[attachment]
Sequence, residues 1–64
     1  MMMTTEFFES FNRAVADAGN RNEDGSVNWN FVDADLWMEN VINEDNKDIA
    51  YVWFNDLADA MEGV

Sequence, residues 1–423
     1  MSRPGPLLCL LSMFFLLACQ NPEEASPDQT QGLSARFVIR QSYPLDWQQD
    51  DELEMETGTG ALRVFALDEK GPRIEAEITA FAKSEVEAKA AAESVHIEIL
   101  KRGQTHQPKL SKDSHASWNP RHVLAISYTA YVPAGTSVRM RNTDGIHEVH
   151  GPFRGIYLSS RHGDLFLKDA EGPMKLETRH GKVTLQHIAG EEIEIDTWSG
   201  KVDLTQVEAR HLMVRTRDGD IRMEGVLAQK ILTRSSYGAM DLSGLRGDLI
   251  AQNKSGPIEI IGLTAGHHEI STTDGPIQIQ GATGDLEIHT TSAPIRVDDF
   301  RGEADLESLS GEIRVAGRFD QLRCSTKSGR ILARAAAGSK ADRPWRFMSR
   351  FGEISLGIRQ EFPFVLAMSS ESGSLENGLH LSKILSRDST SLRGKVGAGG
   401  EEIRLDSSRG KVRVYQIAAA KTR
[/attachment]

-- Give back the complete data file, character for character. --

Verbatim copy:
Sequence, residues 1–64
     1  MMMTTEFFES FNRAVADAGN RNEDGSVNWN FVDADLWMEN VINEDNKDIA
    51  YVWFNDLADA MEGV

Sequence, residues 1–423
     1  MSRPGPLLCL LSMFFLLACQ NPEEASPDQT QGLSARFVIR QSYPLDWQQD
    51  DELEMETGTG ALRVFALDEK GPRIEAEITA FAKSEVEAKA AAESVHIEIL
   101  KRGQTHQPKL SKDSHASWNP RHVLAISYTA YVPAGTSVRM RNTDGIHEVH
   151  GPFRGIYLSS RHGDLFLKDA EGPMKLETRH GKVTLQHIAG EEIEIDTWSG
   201  KVDLTQVEAR HLMVRTRDGD IRMEGVLAQK ILTRSSYGAM DLSGLRGDLI
   251  AQNKSGPIEI IGLTAGHHEI STTDGPIQIQ GATGDLEIHT TSAPIRVDDF
   301  RGEADLESLS GEIRVAGRFD QLRCSTKSGR ILARAAAGSK ADRPWRFMSR
   351  FGEISLGIRQ EFPFVLAMSS ESGSLENGLH LSKILSRDST SLRGKVGAGG
   401  EEIRLDSSRG KVRVYQIAAA KTR